Be Out of Control


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Control yourself. Control your emotions. We are often given the message to control so many things that we may take the notion of control too far. Some golfers, actually many golfers I know and work with try to control things so much on (and off) the golf course they end up getting in their own way ' and their results are just the opposite of what they hoped for. They tend to point the finger of blame at some other cause for their poor results such as a poor set up, the course conditions, poor mechanics, clubs, etc. They are willing to look at anything but themselves ' to see how much they try to control too many things.
Try this little exercise. Open your right hand and place a small amount of water in the palm. Now make a fist with that hand and try to control the water without spilling it. Its virtually impossible to do. When you make a fist ' you bring pressure to your palm and this pressure forces the water to move and leak out of your palm. Now put another bit of water in your palm and this time just keep your palm open and relaxed. In this position, you could move around the room and not spill any water because you are not trying to control the water and your hand is relaxed. You actually gain control by relaxing your hand.
This is an example of what happens to us on the golf course when we try to over control things and when we dont try to over control things. Just like the water in the palm exercise ' when we try to over control the golf swing or our results we leak power and consistency. When we are able to let go of the control we gain power and consistency. Here are some examples of how the need to over control negatively affects performance followed by a tip to turn it around in your favor.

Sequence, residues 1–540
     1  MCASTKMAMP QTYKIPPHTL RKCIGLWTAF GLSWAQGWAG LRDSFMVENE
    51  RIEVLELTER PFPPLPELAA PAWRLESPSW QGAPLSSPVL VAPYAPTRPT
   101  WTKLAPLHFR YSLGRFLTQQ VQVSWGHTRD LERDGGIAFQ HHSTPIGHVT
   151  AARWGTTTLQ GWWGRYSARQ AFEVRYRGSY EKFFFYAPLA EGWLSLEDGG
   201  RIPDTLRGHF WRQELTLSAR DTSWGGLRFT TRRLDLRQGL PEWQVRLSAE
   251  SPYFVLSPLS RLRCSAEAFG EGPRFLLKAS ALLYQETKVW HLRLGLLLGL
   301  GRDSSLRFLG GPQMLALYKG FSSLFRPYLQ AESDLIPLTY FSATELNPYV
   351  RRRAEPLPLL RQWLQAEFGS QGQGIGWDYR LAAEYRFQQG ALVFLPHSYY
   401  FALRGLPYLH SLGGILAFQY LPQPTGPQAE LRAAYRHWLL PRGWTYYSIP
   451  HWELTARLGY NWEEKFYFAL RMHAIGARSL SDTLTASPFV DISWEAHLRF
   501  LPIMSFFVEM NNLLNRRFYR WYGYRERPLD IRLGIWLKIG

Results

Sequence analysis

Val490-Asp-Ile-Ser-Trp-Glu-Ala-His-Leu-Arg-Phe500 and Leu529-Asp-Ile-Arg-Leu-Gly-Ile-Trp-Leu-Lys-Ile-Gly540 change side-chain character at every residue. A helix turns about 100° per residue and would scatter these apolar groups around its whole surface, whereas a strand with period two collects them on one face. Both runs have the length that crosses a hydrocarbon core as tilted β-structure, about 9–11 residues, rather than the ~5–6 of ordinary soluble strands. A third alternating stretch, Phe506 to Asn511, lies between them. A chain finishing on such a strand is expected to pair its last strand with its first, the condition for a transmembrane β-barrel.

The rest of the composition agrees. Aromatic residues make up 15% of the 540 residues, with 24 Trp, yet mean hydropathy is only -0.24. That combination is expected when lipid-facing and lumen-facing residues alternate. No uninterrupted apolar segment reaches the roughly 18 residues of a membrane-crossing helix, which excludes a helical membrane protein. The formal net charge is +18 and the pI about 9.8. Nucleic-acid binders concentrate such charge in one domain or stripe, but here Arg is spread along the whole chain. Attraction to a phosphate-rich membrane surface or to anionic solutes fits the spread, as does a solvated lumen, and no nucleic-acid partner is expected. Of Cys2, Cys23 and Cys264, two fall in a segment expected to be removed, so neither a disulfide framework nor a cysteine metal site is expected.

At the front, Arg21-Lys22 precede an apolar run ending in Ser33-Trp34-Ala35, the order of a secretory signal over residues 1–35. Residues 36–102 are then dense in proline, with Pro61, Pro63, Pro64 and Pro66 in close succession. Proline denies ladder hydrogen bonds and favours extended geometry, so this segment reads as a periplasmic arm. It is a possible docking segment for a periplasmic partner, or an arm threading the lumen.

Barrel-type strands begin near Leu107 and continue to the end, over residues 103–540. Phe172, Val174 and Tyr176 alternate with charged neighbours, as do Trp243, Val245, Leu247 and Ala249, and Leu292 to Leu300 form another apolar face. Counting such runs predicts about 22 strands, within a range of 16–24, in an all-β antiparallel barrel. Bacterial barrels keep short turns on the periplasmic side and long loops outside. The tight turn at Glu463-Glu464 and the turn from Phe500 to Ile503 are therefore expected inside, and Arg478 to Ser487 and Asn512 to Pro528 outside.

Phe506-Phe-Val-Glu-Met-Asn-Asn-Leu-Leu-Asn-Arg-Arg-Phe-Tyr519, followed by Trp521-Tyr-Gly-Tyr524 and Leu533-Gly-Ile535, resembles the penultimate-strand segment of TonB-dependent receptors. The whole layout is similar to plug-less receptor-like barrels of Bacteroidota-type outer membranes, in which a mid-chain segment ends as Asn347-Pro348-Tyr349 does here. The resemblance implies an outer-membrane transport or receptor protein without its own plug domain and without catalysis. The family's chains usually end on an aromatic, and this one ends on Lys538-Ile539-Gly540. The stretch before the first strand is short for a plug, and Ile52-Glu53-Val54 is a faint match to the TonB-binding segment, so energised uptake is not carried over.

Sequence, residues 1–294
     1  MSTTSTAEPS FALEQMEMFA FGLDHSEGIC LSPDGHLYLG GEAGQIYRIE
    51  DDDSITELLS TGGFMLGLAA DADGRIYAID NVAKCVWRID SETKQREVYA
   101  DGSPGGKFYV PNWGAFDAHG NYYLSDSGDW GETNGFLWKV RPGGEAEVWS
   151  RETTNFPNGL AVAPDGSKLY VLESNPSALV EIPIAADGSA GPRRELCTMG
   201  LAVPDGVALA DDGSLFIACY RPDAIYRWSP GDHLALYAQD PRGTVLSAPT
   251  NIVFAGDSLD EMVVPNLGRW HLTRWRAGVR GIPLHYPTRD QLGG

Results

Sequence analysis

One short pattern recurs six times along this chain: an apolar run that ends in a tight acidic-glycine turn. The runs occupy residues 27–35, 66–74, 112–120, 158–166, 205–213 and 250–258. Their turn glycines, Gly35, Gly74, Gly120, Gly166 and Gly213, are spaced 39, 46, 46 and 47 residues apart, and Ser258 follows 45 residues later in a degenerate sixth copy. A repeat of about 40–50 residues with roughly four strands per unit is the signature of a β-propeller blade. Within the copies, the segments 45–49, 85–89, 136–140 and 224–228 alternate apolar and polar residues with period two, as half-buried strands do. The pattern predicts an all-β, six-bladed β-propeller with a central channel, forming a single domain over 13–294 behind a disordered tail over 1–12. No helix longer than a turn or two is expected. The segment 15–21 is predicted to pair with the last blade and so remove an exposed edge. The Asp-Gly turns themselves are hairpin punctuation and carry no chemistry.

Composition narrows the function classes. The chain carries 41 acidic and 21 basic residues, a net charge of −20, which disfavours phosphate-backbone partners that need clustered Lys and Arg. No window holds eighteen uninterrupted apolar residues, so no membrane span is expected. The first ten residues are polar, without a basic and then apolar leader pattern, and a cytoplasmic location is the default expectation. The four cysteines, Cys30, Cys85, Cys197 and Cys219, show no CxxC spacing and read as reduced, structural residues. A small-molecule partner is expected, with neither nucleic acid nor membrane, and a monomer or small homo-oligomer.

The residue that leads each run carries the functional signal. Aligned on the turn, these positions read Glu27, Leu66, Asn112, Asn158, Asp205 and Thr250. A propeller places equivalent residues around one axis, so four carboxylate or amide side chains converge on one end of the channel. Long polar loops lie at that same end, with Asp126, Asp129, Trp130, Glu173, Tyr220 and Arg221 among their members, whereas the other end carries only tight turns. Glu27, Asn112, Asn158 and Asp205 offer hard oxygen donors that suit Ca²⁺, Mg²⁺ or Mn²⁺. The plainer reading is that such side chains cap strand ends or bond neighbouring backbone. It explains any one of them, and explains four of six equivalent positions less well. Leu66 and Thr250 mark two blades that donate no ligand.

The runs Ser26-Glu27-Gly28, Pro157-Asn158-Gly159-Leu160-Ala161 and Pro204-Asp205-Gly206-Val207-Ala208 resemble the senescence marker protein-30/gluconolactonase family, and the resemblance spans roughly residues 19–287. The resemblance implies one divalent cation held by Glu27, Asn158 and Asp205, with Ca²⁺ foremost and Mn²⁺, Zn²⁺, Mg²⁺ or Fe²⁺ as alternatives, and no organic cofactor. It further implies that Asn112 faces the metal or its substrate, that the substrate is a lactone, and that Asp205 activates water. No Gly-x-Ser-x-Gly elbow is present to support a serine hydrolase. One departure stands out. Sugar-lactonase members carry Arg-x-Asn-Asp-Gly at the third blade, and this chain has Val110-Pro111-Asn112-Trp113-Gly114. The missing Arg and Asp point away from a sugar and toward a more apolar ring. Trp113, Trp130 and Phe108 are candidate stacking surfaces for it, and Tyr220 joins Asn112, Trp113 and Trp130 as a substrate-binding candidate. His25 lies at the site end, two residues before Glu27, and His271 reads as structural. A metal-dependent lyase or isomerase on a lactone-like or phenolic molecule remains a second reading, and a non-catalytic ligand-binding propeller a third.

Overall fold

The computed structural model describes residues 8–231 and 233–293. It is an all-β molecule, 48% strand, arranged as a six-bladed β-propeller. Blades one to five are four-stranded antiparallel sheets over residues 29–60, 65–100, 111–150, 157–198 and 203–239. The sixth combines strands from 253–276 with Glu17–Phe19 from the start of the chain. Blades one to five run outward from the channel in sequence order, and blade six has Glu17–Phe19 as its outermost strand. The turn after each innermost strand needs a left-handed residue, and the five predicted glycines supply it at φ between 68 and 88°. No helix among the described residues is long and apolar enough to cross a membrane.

When you over control you:
Tighten more muscles than you need to hit the shot
The need to over control leads to muscle tension in your legs, arms, shoulders, hands and facial muscles. This tension causes lack of fluidity and power. Think back to a time when you really wanted to crush a shot. What happened? Chances are you lost power; not gained it and chances are you also lost distance and accuracy as well.
Over controlling the golf swing translates into more tension than needed to hit the golf ball.
Tip: Make a conscious effort to focus on the legs, arms, hands, shoulders and facial muscles before you take a practice swing. Let them drop and slip into a more relaxed position. The more relaxed you are the more powerful you are.
Control leads to worry.
When you try to control outcomes the tendency is to not only focus on outcomes too much but to also worry about them as well. In this case your mental energy is being drained which takes away from your physical body to perform the movements smoothly and with rhythm.
Tip: Focus on what you DO have control over (and its NOT the results of your shots!). The more you do this the more you trigger feelings of calm and confidence.
The need to control reduces enjoyment .
The players I know who try to over control things on the golf course (and off!) tend to report their enjoyment level is lower than theyd like it to be. Think about it. If youre too focused on controlling everything then you simply dont have time to enjoy yourself. There are too many things to control ' how can you enjoy yourself with so many things to worry about?
Tip: Make enjoyment a large priority. One way to do this is to reduce your control time. Give yourself some time to be out of control by picking certain holes (like the even or odd numbered holes) and commit to allowing yourself to be out of control on those holes.

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    David Breslow is a National Speaker, Author and Performance Consultant. His book, Wired To Win is available at 888.280.7715. David works with clients all over the world via telephone so it doesnt matter where you live, work or play! His clients include professional athletes (PGA, LPGA and other sports), juniors and all amateurs. He also works with Businesses of all sizes. He brings a fresh, direct, no-nonsense revolutionary approach to Human Performance, helping people make quicker and more powerful shifts in attitude, behavior and action. David is the weekly Mental Game Columnist for Golf Channel where his articles are read by over 4000,000 people. For more info please visit:, email: or call: 847.681.0247